carlos-arias (1)
Carlos Arias (born in santiago de chile, 1964), Legacy, 1995 - 2014, Embroidered on cotton canvas, 175 x 355 cm

Art fairs increasingly tend to seek specific niches, which focus on collecting and regional themes. So, ever since it emerged, Art Basel Miami Beach, for example, has been consecrated as a space for Latin American collecting, reflecting the characteristics of the host city itself. In a way, the same is happening with the Arco fair, in Madrid, using the colonialist ties of the former Spanish empire.

In Latin America, however, where the origin of this collecting can be found, two fairs have been strengthened by the local scene: ARTICLE, in Bogotá and artBA, in Buenos Aires.

I was in Colombia six years ago, to get to know ARTBO, in its seventh edition. At that time, a great curatorship by Octavio Zaya was seen in an exhibition inside the fair, but the entire infrastructure still had a somewhat precarious character and there was no qualitative representation of international galleries. From Brazil, for example, only Vermelho and Luisa Strina participated.

In just six years, ARTBO's change is impressive. This time, they continue to exhibit 57 galleries, but now seven of them are Brazilian: from the renowned Fortes D'Aloia & Gabriel, Vermelho and Luisa Strina, to recent debuts, such as Blau Projects.

There were also some of the most influential galleries in Latin America, such as Ruth Benzacar, from Buenos Aires and Luis Adelantado, from Mexico. From Spain, the respected Elba Benitez and I won't mention the Colombians, for obvious reasons. Several others are missing, especially Mexican ones, but the fact is that in six years, the fair has left a provincial atmosphere, to be a truly representative fair.

This change has a lot to do with another brand of large fairs, which are the parallel sections: curated shows, debates, events, artist books.

In this edition, ARTBO has an exhibition that really has a museological character, “Referees”, by the Colombian Sylvia Suárez, which addresses the production of engraving, from the end of the Second World War to the fall of the Berlin Wall, especially in Colombia. Depicting issues that transit between the violence of drug trafficking and gender issues, artists such as Peruvian Tereza Burga, Mexican Ulises Carrión and Colombians Miguel Angel Rojas and Beatriz Gonzalez are among those selected. Undoubtedly, this was the highlight of the fair, as it included a complex exhibition with so many artists.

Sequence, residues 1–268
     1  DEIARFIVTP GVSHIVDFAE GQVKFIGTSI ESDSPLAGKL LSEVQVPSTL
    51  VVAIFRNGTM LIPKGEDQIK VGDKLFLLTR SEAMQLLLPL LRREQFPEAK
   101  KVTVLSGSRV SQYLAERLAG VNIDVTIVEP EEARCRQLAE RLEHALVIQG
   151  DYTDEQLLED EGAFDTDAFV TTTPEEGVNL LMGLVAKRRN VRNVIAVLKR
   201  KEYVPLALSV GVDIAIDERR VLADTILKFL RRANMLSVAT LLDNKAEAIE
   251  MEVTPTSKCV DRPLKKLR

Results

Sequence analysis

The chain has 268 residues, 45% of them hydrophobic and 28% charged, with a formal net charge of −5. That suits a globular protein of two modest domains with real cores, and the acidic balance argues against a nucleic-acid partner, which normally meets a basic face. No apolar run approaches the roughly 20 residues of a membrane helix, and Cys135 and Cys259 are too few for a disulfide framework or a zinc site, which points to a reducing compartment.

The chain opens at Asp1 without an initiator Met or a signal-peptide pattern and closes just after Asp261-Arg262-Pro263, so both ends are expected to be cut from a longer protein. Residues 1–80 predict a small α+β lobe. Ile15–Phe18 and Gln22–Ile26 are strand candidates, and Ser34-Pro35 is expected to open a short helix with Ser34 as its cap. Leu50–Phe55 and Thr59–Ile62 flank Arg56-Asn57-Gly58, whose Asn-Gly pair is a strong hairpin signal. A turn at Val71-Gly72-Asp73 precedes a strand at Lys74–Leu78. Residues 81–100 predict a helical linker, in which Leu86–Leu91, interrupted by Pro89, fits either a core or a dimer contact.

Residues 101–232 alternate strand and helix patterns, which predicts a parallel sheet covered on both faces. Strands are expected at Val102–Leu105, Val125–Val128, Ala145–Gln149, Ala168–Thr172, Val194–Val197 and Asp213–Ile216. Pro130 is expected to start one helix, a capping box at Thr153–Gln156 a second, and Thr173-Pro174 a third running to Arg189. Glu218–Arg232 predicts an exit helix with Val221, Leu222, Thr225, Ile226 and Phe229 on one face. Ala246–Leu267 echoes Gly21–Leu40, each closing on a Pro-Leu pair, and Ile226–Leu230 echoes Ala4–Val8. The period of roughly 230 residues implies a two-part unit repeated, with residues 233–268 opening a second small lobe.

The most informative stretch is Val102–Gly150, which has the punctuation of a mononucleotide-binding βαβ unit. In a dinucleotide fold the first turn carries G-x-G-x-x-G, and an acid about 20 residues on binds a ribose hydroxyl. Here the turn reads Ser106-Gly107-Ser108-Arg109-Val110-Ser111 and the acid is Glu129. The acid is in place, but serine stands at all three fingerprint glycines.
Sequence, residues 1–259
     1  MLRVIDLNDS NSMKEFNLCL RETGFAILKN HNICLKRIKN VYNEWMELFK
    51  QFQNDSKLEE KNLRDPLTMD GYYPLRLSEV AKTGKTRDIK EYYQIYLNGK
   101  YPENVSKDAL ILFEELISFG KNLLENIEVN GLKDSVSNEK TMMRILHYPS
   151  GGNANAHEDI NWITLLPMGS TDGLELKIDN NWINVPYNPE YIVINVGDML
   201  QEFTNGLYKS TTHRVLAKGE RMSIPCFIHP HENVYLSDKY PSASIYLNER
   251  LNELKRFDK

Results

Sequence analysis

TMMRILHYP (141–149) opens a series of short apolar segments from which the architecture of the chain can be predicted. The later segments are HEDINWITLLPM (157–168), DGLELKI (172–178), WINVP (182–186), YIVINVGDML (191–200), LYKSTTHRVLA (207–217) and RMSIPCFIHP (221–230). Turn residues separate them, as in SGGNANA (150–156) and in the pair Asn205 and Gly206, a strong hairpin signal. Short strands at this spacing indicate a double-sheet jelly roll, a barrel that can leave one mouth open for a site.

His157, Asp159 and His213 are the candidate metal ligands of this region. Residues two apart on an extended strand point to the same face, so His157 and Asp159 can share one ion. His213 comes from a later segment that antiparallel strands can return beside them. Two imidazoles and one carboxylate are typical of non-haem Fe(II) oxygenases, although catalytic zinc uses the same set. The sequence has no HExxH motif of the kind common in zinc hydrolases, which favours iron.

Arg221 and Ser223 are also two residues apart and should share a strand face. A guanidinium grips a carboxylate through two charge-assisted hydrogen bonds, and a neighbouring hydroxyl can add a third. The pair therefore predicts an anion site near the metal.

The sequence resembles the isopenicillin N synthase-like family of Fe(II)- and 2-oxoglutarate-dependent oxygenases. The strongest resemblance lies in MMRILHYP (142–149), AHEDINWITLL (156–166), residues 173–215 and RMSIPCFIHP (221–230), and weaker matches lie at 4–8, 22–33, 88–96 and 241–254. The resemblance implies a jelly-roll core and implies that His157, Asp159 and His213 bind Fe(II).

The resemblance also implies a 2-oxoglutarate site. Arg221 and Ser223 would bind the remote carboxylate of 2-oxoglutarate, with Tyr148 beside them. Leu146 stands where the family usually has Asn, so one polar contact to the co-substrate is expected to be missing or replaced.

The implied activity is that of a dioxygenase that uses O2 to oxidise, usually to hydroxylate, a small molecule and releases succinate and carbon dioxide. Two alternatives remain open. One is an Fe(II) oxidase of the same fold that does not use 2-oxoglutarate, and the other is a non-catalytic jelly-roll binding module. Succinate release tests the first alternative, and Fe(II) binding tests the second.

The debate section, called Public relations, was in charge of none other than the Mexican artist Pablo Helguera, renowned for his Artoons series, where he mocks the art circuit in images. Among its guests were the Cuban artist Coco Fusco, the Mexican curator Cuauhtémoc Medina, and the Venezuelan curator Gabriela Rangel.

Another highly visible section was curated by Brazilian Kiki Mazzucchelli, against el olvido (Against Oblivion), composed of 15 artists, who deal with current issues such as the lack of marked listening in the face of the worldwide setback of social achievements. There was Brazilian Rosana Paulina, one of the few artists in the country to address violence against black people. In this section there were also engravings by the Argentine Marcelo Brodsky, which portray social movements in various parts of the world, from France to the United States, including Brazil.

In addition to the fair's strengthening, the art scene in the Colombian capital is experiencing a positive period, with excellent shows in institutional spaces, such as the retrospective of the Cubans Los Cubanos, at the Museo del Banco de la Republica, in addition to a special exhibition by the duo at the NC-art space; and an excellent exhibition at the Cloister of San Agustin university space, entitled Reunited Cosmopolitan Jungle, with works that deal with the Amazon rainforest, from the poetic drawings of Abel Rodriguez, present in the recent documenta 14, in Kassel, to the video installation policy Legal Jungle, by Ursula Biemann and Paulo Tavares, seen at the last Bienal de São Paulo, Incerteza Viva.

Alternative spaces, such as FLORA ars + natura, by Jose Roca, also showed their vitality, with a recent expansion, enabling more than a dozen artistic residencies on site, all occupied during the fair.

All this led to Bogota a large number of Latin American collectors, including a group of Brazilians. It is a synergy that leads fairs to become irradiation spaces, which go far beyond the market.

Journalist Fabio Cypriano traveled at the invitation of the ARTBO organization

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